Architecture, Application Security, Strategy

Spammer syndicate stopped by FTC complaint

October 15, 2008
A U.S. District Court in Illinois, at the urging of the Federal Trade Commission (FTC), has ordered the world's largest spamming network to end its operations, the agency announced this week.

The HerbalKing spam gang has been the worst purveyor of unwanted emails over the past two years, according to Spamhaus, a volunteer group that tracks spammers.

The FTC said in a statement that it filed a complaint against the ring, and the court last week issued a temporary restraining order that froze the spammers' assets and prohibited them from sending any more unsolicited email and making false product claims.

Criminal charges are likely.

The spam group, accused of delivering solicitations to purchase fake or unsafe weight-loss drugs and male enhancement products, is run by Lance Atkinson of New Zealand and Jody Smith of Texas, according to an FTC statement. The pair is accused of overseeing an operation that stretched from China, India and Russia to Canada and the United States and delivered billions of illegal spam messages.

At one point, the group, thanks to a huge network of compromised computers, was believed to be behind one-third of the world's spam, the FTC said. The defendants also lied about providing security for credit card transactions, falsely claiming to customers that their "online pharmacy" used SSL encryption.

While spam experts applauded the court order as a positive step, they said there likely would be no change in the amount of spam being delivered. Spamhaus, in a statement, said it still is witnessing a barrage of HerbalKing spam, thanks to a massive botnet, estimated at its peak to be 35,000 nodes strong.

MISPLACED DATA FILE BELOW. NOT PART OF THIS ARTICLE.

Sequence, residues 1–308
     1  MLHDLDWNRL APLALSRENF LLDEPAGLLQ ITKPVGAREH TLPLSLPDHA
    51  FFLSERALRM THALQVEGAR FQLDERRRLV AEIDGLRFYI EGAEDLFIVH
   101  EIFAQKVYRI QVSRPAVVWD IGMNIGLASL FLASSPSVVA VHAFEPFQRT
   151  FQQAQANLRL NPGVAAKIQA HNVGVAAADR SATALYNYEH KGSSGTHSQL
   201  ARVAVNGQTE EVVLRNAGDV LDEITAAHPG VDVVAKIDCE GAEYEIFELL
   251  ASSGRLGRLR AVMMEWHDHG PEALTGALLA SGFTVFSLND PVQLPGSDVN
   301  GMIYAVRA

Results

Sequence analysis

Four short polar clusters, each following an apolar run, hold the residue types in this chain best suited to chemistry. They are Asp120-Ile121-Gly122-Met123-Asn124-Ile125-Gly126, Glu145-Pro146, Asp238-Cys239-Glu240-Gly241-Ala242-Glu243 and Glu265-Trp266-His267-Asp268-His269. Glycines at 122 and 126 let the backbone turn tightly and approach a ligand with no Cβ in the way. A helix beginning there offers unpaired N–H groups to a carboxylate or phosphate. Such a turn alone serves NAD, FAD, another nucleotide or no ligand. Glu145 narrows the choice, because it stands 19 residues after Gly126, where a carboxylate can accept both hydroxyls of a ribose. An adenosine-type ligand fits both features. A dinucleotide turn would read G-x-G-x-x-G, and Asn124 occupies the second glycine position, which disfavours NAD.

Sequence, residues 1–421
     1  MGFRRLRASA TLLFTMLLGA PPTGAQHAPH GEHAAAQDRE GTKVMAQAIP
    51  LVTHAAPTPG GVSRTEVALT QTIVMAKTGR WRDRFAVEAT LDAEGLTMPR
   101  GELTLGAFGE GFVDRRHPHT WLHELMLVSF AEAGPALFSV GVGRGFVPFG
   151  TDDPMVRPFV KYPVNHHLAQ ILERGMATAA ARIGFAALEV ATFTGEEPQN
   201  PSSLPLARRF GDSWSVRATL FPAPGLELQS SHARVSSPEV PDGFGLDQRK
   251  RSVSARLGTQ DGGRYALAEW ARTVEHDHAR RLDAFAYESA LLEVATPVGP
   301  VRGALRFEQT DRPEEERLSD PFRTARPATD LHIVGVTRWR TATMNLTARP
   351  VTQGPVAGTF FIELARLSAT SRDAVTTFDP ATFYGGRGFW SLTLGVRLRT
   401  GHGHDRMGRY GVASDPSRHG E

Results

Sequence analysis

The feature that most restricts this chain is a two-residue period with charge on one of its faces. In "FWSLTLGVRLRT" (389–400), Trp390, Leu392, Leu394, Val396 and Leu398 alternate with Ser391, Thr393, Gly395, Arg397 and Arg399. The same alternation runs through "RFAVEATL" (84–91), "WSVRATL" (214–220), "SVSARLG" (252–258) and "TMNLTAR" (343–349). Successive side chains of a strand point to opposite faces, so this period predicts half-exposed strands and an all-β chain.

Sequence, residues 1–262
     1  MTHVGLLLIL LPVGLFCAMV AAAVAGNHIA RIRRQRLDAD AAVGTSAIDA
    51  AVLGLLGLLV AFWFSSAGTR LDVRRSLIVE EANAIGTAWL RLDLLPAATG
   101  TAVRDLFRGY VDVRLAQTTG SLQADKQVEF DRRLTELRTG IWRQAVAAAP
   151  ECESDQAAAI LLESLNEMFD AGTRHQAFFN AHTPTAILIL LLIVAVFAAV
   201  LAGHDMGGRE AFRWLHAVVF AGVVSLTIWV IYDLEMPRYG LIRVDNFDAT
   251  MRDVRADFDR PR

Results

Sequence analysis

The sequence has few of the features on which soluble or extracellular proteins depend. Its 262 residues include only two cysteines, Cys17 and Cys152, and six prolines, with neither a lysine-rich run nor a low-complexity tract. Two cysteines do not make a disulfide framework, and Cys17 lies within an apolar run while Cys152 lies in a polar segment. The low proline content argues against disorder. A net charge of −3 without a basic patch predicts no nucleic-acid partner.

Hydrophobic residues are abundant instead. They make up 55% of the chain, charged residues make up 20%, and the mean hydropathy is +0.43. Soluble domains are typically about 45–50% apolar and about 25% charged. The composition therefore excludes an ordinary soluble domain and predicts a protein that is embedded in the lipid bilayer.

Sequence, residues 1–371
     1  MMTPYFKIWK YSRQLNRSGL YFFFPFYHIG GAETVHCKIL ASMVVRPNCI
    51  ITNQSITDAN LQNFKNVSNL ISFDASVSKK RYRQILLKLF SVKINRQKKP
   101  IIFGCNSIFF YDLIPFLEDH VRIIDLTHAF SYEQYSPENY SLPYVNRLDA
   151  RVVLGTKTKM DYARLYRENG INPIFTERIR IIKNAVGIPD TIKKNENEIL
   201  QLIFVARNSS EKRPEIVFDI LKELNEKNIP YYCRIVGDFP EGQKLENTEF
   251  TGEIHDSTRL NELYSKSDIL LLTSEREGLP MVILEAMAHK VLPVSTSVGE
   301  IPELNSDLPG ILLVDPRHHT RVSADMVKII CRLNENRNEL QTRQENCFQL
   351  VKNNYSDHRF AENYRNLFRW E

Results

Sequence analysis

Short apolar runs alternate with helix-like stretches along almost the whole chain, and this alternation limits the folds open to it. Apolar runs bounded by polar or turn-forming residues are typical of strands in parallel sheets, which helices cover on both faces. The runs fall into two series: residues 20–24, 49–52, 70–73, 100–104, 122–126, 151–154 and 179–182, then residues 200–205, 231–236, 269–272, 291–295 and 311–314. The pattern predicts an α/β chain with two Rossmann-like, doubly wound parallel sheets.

"Botnet spam systems are very automated and will continue to spam even if the operators do not login and control them," the organization said. "These spammers set up tens of thousands of domains and the spam systems route in new ones every day."

David Poellhuber, principal of ZeroSpam, a Canadian vendor, told SCMagazineUS.com that spam currently accounts for 96 percent of all emails.

"I think [this case] is a drop in the ocean of spam," he said. "It won't make much of a difference. We haven't seen our radar screen going down very much because of this."

John Teakell, a Dallas attorney for Smith, could not be reached for comment on Wednesday.

In 2005, the FTC won a $2.2 million spam judgment against Atkinson and a business partner.

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